Cyprus pursues digital commerce ambitions

28 April 2021
Cyprus pursues digital commerce ambitions
The worldwide shift towards e-commerce and online services amid lockdowns and other Covid restrictions is likely to continue as economies open up in the post-pandemic era, and Cyprus is well positioned to become a regional driver of digital business.

The island’s growing digital economy, investment-friendly business environment and proximity to European, African and Middle Eastern markets are creating optimal conditions for foreign and domestic online businesses to flourish. Local internet penetration stands at 89 per cent, the pandemic acting as an accelerator for digital transformation in Cyprus – data traffic increasing by 95 per cent.

Indeed, it was reported in November that the Cyprus Telecommunication Authority (Cyta) is rolling out faster internet connectivity, years ahead of schedule. The authority wants to expedite the process following a peak in demand for higher speeds during the Covid crisis. The speedier connections, according to Cyta officials, will serve as a “catalyst to the digitisation of Cypriot companies, upgrading their competitiveness in new markets”.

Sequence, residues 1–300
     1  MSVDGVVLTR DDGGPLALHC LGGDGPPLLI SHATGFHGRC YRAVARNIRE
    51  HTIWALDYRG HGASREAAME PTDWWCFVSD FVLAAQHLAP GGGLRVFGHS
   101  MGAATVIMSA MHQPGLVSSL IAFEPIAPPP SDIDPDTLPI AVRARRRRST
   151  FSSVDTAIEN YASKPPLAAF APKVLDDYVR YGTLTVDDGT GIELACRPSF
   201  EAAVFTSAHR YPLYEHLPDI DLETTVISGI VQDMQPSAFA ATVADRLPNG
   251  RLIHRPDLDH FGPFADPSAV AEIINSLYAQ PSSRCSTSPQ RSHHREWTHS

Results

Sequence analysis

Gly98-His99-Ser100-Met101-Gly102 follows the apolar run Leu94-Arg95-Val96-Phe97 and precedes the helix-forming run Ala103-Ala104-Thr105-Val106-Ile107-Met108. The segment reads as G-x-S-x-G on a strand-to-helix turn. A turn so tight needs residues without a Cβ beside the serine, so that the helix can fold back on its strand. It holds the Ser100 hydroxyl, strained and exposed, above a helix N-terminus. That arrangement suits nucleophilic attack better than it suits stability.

Cypriot businesses have been building up their e-commerce capacities for some time. The number of companies with digital operations has increased by more than 200 per cent in the last five years and there has been an even bigger rise in businesses for whom online sales comprise over 25 per cent of turnover. These figures will no doubt climb as we prioritise improvements in broadband connectivity, with the help of EU recovery funds.

E-commerce businesses will also benefit indirectly from efforts to digitise state services.  By encouraging Cypriots to access departmental provision through digital channels, we will see an expansion of the already high number of tech-savvy consumers. More than half the population is already searching for products and services online. 

The Cyprus Retailers Association spoke of a “seismic shift” towards cyber shopping for Black Friday last year, with businesses upgrading their platforms to make them more consumer-friendly and investing heavily in new online stores. During lockdown, platforms and apps delivering food and other necessities with a no-contact delivery option are reported to have played a major role, with many retailers launching their own dispatching services.